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November 26, 1958 - Image 6

Resource type:
The Michigan Daily, 1958-11-26

Disclaimer: Computer generated plain text may have errors. Read more about this.

yk To Captain rid Team in 1959'SP

'an Pelt Sparks Winnipeg Cup Bid
n By JIM BENAGHFormer Wolverine Jim Van Pelt, passes, booted eight of 13 field ;
iadian football fans will have who almost was cut from the Win- goal attempts, kicked 26 extra!
eyes focused on a surprising nipeg roster, is the pass-master points and rushed for a 4.6-yd.
chigan quarterback this Sat- and ace kicker in the limelight average. In 13 g
hean terbak W innipe Ble after pacing his team to the play- Pesged 65 points ,
ers and the Hamilton Tiger-Pe seofVanPesproficient
meet to decide the Canadian The stubby field general has Bause Coan Bl d pro nt I
play, Winnipeg Coach Bud Grantj
sional championship. completed over 56 per cent of his moved former Iowa standout
Kenny Ploen to wingback, so he!
could get both' of his passers in
the game at once. The Canadian
:rules require five backfield men.
I i V. a nd Ploen held down the quarterback
post at the start of the 1958 sea-
ie Best Haircuts > son but was injured. Grant workedI
-a-with both Eagle Day, former Mis-
sissippi star, and Van Pelt at the
InknAr posiin.
The latter got off to such a fast
Sanicuring By Appointment start that the Blue Bombers drop-
* ped Day and boosted Van Pelt
0 cover Ploen as number one man.
OU can get all this Since then, the Western titlists
Q at have won 12 of 14 games.
Versatile Van Pelt also handles
Mae a r kickoffs and is the second-best
punter. He has been cited by the
CoMer ThByers k coaching staff for his defensive
North University ability at halfback.
CROSS FROM HILL AUD. JIMT VAN PELT The new star is down 15 pounds
. puts Winnipeg in finals from the 198 he carried as a
* * * _-Wolverine last year and is rated
one of the hardest workers on the
Despite Van Pelt's fine play,
LA INCH PJackie Parker of Edmonton was
15given the edge in the all-star
balloting for the fifth straight
FREE DELIVERY Monday-Friday 7:00 P.M. -12 P.M. year.t
Saturday and Sunday 5:00 P.M.-12:00 P.M. However, another former Wol-1
WITHIN A TWO-MILE RADIUS verine was named to the all-star
team. Art Walker, a tackle on the
1954 squad, was selected as ani
Quickie C s ckie all-league defensive end.
This was the third time Walker
N02-9944 812 MONROE has been honored. He teams withl
Parker at Edmonton. ,

Players Choose Ptacek
Most Valuable of 1958
ny AL SINAI MVP's selected by conference
George Genyk, 200-lb. tackle of coaches and officials.
the Michigan football squad, has
been elected by his teammates to Ptacek, a senior, finished among
captain the Wolverines during the the top fifteen passers in the na-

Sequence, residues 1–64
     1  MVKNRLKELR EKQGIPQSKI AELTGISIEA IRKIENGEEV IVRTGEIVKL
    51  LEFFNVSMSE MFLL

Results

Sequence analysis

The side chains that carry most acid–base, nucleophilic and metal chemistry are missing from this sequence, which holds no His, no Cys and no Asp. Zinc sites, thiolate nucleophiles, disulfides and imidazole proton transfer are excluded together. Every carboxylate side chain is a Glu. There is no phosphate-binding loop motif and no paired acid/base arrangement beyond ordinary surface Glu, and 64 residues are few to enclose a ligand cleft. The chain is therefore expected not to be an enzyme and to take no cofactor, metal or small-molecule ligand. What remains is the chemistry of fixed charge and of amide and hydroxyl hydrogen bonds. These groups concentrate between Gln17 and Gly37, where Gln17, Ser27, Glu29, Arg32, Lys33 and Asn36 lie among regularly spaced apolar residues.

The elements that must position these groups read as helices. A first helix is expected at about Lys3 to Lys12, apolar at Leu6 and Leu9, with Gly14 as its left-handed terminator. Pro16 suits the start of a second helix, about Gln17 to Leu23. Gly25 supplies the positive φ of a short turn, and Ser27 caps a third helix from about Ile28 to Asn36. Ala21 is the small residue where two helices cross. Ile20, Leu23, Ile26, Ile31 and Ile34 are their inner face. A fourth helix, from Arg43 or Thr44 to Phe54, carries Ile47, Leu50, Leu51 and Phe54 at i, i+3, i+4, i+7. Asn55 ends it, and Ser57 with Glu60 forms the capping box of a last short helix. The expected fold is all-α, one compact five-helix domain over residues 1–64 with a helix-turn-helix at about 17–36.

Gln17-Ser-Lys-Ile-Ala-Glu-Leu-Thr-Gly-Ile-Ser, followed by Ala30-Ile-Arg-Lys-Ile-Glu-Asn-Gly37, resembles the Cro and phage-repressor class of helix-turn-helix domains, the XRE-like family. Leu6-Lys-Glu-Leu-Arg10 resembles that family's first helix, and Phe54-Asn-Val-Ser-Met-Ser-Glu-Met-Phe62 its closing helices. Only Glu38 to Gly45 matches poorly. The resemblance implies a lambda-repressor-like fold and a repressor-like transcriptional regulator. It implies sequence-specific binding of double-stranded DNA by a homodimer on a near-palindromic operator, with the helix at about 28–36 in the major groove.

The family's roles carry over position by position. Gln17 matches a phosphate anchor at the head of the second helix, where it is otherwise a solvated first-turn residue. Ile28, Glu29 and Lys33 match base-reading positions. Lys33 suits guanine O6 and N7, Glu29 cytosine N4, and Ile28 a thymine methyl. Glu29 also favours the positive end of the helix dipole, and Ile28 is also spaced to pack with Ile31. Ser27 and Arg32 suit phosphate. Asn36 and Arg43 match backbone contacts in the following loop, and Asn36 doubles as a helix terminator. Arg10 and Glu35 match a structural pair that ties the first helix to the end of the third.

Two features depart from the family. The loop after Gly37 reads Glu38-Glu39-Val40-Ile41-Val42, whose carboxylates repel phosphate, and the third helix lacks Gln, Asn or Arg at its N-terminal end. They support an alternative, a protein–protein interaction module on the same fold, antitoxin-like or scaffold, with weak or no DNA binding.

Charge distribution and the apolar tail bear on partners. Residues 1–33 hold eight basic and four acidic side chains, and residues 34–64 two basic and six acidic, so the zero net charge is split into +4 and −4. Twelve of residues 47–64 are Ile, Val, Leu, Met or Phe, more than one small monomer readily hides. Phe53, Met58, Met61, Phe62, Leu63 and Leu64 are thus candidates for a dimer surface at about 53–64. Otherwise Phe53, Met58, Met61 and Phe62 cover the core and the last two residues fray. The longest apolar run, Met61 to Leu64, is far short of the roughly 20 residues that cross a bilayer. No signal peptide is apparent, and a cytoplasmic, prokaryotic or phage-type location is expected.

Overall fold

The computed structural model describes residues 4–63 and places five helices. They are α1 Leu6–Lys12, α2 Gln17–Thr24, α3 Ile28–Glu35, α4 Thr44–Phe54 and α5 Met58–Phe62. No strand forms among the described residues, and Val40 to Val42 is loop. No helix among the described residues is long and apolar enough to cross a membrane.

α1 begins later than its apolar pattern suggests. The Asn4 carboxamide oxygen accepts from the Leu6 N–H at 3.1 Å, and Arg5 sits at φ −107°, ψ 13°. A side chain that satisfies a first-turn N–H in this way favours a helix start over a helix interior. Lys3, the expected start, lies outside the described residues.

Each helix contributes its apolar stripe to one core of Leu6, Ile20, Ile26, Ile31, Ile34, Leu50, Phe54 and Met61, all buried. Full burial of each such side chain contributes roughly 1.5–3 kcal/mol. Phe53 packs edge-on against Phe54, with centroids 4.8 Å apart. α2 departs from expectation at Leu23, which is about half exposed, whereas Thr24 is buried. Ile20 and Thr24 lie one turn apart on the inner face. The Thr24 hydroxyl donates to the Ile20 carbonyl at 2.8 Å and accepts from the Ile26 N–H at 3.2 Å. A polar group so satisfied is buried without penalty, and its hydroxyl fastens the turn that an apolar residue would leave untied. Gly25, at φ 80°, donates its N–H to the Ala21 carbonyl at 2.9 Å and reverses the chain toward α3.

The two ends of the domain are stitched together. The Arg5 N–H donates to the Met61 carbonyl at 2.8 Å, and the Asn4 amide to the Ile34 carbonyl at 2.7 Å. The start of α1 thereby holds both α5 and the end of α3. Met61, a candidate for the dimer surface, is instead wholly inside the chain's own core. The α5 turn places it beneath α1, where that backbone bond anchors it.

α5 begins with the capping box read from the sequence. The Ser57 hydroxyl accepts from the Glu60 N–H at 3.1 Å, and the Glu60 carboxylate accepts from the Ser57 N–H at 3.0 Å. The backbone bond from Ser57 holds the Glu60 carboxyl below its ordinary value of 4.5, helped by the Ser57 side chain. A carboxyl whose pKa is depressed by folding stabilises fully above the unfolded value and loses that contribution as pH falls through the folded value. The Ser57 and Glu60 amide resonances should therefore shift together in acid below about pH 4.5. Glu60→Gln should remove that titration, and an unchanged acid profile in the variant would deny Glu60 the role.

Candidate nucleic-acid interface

1959 grid season. t,ion. He was burdened with the
Genyk, a junior, who played his bulk of the Wolverine offense after
high school ball at Pershing High a wave of injuries, which were to
in Detroit under Myike Haddad. aeo nuis hc eet
succeeds fullback John Herrnstein characterize coach Bennie Qoster-
and honorary captains Bob Ptacek baan's final season.
and Gary Prahst. Looking Ahead
Despite suffering from a pinched "I'm looking forward to the pro
nerve most of the year, Genyk draft next Monday," said Ptacek,
managed to play a total of 345 who definitely has his eyes set on
minutes and 45 seconds. His long- pro ball. Last year's MVP, Jim
est stint was 52 minutes against Pace, is now playing halfback for
Navy and his shortest was 21 the San Francisco 49ers.
minutes against Ohio State, when BKuce Baldwin, of Dearborn,
he was hampered by injuries. Michigan, was named senior man-
Ptacek Most Valuable ager of the 1959 Wolverines suc-
Quarterback Ptacek was voted ceeding Tom Hitchman in that
Michigan's Most Valuable Player post. New junior managers are:
by his teammates and is now Dick Devries of Grand Rapids,
eligible for the Chicago Tribune Fred Nemacheck of Bessemer, Joe
Silver Football award. This award Seeger of East Grand Rapids and
is given to one of the Big Ten's Jim Lanard of Philadelphia.

... new captain

Army Navy Renew Rivalry Saturday

This Saturday Army and Navy
meet in their annual gridiron
spectacle in Philadelphia, and theI
battle will feature two fine teams.
The Cadets, second-ranked team
in the nation, have a record
blemished only by a tie with Pitts-
burgh midway in the season. The
Middies, despite numerous in-
juries, have suffered only two de-

0 M
0 S
Tuesday, Dec. 2

feats and have been rebuilding
since the beginning of the year.
The clash will pit two wide-open
offenses against each other. Army
has switched from its usual ground
game because of a manpower,
problem, while Navy under Eddie
Erdelatz puts up a pro-type of-
fense, as usual.
Backs Can Pass, Run
An array of top-flight backs
sparks the Army squad, almost all
of whom can pass. In addition, the
two halfbacks-Captain Pete Daw-
kins and Bob Anderson - provide
@ave a WORID of/FUNI
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60 Osys .; .. m $645
43-65 . :. fro" $998
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Also low-cost trips to Mexico
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Around the World $1798 up.
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Year woreat. mC. Chicago 4, HA 742557

one of the most dangerous ground-
gaining threats in college football.
The Midshipmen boast an ex-
cellent aerial game, based on the
throwing of quarterback Joe Tran-
chini. He passes mainly to his
backfield mates, especially half-
back Ray Wellborn, because the
injury plague has hit Navy hard-
est at the ends.
The Black Knights' answer to
Tranchini is a slim six-foot, 160-
lb. signal-caller, Joe Caldwell. Un-
derrated and overshadowed due to
the presence of Dawkins and An-
derson, Caldwell has developed
rapidly, showing his best form of
the season in the recent victory
over Rice.
Lonesome But Good
To add to Navy's pass defense
worries, there is Bill Carpenter,
the famed "lonesome end" who
seldom enters the huddles, but
always knows when the ball is
coming his way and rarely drops